I don't believe that the revolution has realized its objectives, and the anniversary of the revolution, marked every year, is in fact meant for refreshing forces to confront the remnant of dictatorship. 

Today, our people are showing up to establish justice, enjoy freedom and decide their own fate. Our nation has offered hundreds of thousands of martyrs in view of these objectives. 

The Islamic revolution is the product of our great nation's resistance and sacrifice. A bit of negligence ... would be enough to plunge us into a dictatorship much darker than the pre-revolutionary period. Dictatorship, in the name of religion, is the worst kind. In the meantime, resistance in favor of freedom and justice heralds us a bright future and can help remove autocracy. 

Only a monarchical-inspired interpretation of Islam divides people and pits them against one another. Instead of ordering the execution of several youths and juniors, the judiciary should have taken into consideration the roots of the revolution. We're totally disappointed with the judiciary because it has distanced itself from the objectives of the revolution. 

Today, the most pure children of our nation have filled the prisons, while the real decadents and looters of public wealth are frolicking outside jail. Instead of looking for real spies, they accuse noble people of espionage. 

All of us have come to the battlefield for reforms and seek no revenge, no power and no destruction. Those in power are today responsible for our national backwardness, soaring inflation and unemployment and economic ruin. They continue to rule by populism and demagoguery. They are responsible for sanctions and their consequences. Fumbling efforts to restrict people to packaged slogans is an insult to them. Slogans have to be voluntary and self-motivated.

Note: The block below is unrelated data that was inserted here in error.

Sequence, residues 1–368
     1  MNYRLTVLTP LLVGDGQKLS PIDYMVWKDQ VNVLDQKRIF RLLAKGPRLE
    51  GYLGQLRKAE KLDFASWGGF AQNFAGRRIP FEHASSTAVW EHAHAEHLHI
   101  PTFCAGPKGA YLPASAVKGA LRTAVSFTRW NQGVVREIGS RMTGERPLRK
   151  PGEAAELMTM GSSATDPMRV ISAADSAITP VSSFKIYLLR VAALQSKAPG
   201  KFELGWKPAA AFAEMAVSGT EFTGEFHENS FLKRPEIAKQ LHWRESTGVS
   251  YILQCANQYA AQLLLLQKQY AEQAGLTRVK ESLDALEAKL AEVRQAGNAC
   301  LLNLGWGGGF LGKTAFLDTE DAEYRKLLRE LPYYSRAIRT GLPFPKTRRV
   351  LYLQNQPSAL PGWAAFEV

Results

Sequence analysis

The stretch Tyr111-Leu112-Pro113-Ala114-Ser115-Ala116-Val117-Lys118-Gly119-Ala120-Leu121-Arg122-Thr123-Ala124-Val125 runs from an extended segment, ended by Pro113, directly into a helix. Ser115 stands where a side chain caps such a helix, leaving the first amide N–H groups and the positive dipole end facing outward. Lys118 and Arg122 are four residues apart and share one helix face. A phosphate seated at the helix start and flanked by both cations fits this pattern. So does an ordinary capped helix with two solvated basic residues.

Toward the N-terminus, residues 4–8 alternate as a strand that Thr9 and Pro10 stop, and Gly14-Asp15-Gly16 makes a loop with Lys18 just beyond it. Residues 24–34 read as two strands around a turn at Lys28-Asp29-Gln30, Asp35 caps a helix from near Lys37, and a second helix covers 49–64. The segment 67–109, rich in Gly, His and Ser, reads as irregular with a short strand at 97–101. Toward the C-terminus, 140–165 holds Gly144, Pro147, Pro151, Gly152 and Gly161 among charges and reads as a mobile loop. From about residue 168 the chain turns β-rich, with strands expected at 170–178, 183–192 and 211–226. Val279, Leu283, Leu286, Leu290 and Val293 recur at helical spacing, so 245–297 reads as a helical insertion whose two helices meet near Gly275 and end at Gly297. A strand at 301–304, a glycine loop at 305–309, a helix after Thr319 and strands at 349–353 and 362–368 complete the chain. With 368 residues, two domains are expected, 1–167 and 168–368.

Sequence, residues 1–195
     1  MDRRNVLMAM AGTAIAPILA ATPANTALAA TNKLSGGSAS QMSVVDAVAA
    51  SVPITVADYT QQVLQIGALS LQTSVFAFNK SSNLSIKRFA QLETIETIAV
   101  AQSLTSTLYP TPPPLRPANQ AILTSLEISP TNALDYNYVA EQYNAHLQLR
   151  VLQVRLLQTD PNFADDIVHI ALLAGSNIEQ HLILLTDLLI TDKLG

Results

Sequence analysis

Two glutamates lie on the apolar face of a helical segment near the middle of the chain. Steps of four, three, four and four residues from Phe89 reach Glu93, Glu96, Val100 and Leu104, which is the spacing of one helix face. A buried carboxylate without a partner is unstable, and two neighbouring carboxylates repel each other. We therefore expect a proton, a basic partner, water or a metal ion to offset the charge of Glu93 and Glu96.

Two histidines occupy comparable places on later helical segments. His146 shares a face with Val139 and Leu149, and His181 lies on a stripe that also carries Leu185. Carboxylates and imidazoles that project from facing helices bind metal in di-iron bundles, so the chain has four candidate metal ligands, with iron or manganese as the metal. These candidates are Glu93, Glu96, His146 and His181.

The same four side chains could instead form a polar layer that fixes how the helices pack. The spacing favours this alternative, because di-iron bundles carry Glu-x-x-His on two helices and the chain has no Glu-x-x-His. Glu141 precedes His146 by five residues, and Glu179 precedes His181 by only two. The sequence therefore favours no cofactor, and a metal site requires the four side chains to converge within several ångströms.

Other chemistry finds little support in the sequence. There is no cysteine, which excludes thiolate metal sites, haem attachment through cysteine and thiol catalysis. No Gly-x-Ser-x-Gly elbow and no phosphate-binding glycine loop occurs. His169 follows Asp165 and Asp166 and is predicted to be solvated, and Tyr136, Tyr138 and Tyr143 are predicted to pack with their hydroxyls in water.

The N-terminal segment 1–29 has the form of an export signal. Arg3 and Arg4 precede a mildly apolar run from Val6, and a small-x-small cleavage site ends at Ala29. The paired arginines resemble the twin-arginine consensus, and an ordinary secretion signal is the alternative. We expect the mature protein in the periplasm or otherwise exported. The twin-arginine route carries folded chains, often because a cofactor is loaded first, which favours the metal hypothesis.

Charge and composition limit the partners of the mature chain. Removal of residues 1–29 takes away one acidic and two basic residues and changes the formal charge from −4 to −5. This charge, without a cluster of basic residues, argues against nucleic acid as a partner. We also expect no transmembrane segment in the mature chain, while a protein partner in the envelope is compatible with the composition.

The Green Movement will by no means give up its peaceful and ethical methods in its struggle for regaining the rights of the nation. I've said and I say it again: the constitution is not a divine law and it should be open to changes. 

A law per se is not sufficient to resolve our problems. The more important factor is to work out mechanisms avoiding any breach of the constitution and levying heavy penalties on violators of any rank and position.

Refusing to recognize people's sovereignty will automatically nullify the constitution. Those who impose restrictions on the press are effectively helping destabilize the pillars of the Islamic Republic. People are entitled to holding peaceful rallies and gatherings. I recommend the police and Basij forces to practice kindness and flexibility with people. 

I call on the supporters of the Green Movement to minimize their distance with other people. This movement is born out of people and belongs to all of them. We should be careful about our religious convictions, sanctities and social norms. But we should never forget our final goal: that is, building an advanced, independent, free and united Iran.

-- Los Angeles Times

Photo: Mir-Hossein Mousavi. Credit: